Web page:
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Savoy cabbage and potato soup

Mild, beautiful Savoy cabbage is the base for this simple, comforting, creamy soup.

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    This simple cabbage and potato soup is the perfect cozy weeknight meal for sweater weather.
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A little while ago I was visiting one of our daughters, who was a bit under the weather, and when I asked her if there was anything I could fix for her, she handed me a recipe for a savoy cabbage potato soup. I don’t know where she got it — there are a lot of recipes kind of like this floating around online — but it looked so easy and direct that I was happy to give it a try.

It is easy and direct, and also hearty and soothing and a gentle pale green — the perfect soul-warming weeknight meal for sweater weather.

Cabbage and potatoes have a long, impressively multicultural history together. They’ve been combined deliciously from Poland to Hungary, Ireland, China and Ethiopia, all the way to tiny Suriname. Jacques Pépin adds some sausage and scallions, then serves the resulting soup with a crusty French bread. In the UK, cabbage and potatoes are the backbone of a traditional leftovers favorite, bubble and squeak.

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Savoy cabbage is that cabbage with the crazy-beautiful crinkly exterior. When you choose one, look for a round cabbage with deep green outer leaves. The outer leaves should be deep green. It should be heavy for its size and feel nice and dense. It is full of fiber and vitamins, and it is milder, sweeter and softer than regular cabbage. If you find regular cabbage too tough or rubbery, this is the cabbage for you.

If you can’t find Savoy cabbage—or if you’re not afraid of regular cabbage—you can substitute it. The soup will be slightly more robust in flavor, still quite delicious. You can even skip the cream finish and the butter—it’s just as suave and comforting dairy-free.

Savoy Cabbage Potato Soup
Serves 4 to 6

2 tablespoons olive oil
2 teaspoons unsalted butter
1 small Savoy cabbage (1 pound), shredded
2 cloves garlic, chopped
2 tablespoons shallots, minced
2 pounds Yukon gold potatoes, peeled and sliced
2 teaspoons herbes de Provence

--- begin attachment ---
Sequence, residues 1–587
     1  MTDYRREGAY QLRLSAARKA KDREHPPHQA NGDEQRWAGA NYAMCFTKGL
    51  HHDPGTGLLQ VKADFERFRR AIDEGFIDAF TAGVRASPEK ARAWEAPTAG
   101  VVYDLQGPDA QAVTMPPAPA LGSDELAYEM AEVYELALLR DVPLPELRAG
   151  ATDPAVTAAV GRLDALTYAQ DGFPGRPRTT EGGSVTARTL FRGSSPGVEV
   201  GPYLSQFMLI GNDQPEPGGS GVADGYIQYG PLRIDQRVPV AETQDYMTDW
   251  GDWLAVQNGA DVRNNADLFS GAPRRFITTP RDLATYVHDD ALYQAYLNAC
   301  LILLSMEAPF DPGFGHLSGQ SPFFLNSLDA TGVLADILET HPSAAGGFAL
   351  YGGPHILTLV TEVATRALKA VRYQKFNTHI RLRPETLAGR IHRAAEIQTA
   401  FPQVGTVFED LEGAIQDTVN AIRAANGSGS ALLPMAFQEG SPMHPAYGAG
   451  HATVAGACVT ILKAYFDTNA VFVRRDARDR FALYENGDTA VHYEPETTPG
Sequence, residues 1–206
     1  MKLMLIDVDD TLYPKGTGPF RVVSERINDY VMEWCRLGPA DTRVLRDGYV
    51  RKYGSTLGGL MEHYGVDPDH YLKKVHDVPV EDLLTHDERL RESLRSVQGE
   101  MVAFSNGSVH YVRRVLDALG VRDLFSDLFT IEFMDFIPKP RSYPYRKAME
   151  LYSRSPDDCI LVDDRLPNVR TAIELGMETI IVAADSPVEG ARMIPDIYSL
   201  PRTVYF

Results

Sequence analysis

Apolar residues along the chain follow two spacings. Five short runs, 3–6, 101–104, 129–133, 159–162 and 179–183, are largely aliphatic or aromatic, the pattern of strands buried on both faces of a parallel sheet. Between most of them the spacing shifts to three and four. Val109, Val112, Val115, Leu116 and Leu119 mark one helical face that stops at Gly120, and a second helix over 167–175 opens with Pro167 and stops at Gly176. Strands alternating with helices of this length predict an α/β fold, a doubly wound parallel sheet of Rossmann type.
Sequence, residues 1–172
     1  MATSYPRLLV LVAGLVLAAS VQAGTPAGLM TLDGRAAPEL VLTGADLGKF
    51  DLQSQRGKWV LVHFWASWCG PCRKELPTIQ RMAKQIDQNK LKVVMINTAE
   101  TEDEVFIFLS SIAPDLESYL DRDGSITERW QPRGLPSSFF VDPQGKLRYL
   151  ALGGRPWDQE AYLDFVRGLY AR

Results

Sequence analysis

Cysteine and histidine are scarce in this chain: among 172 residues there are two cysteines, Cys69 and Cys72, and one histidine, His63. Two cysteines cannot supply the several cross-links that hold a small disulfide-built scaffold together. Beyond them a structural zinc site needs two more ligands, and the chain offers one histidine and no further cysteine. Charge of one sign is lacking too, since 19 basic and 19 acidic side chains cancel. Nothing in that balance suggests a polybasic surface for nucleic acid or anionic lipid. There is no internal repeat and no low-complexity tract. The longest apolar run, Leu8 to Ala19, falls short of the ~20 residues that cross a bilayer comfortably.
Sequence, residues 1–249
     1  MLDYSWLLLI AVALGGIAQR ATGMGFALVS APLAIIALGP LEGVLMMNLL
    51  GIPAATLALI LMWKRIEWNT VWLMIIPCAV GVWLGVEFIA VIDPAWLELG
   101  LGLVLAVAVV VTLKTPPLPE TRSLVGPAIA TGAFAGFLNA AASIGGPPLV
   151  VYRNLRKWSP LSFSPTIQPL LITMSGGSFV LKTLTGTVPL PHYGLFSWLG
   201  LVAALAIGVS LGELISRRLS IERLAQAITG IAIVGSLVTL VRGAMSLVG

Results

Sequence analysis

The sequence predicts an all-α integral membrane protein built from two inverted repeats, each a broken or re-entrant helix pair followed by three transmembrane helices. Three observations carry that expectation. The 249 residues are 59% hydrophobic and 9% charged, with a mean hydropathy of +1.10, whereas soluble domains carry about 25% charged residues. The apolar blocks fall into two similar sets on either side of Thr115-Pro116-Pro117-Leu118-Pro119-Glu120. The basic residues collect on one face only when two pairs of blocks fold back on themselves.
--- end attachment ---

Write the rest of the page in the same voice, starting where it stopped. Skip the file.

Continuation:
6 cups homemade chicken stock (or reduced-sodium store-bought broth)
3 scallions — 2 whole scallions with the root end trimmed off, one trimmed and then cut into thin rings, for garnish
salt and freshly ground black pepper
cream or half-and-half, optional

1. Heat the olive oil and butter over a medium flame in a big heavy bottomed pot that has a tight fitting lid. Add the cabbage, garlic, and shallots. Stir to coat with the oil and then sauté over modest heat until the cabbage is a bit wilted, 3 to 4 minutes.

2. Add the potatoes, the herbes de Provence and the stock. If the stock doesn’t come up high enough to reach the top of the potatoes, add water or more stock. Bring to a boil, then simmer over medium-low heat until the potatoes are tender, 10 to 15 minutes.

3. Working in batches, process the soup in a blender or food processor, along with the whole scallions, until it is smooth. Return to the soup pot to reheat. Salt and pepper it to taste and serve with a garnish of scallions. And, if you like, a drizzle of cream. Simple, delicious, hearty, soothing.

Related post on Blue Kitchen: Chestnut soup and memories of Paris

The Christian Science Monitor has assembled a diverse group of food bloggers. Our guest bloggers are not employed or directed by The Monitor and the views expressed are the bloggers' own and they are responsible for the content of their blogs and their recipes. All readers are free to make ingredient substitutions to satisfy their dietary preferences, including not using wine (or substituting cooking wine) when a recipe calls for it. To contact us about a blogger, click here.

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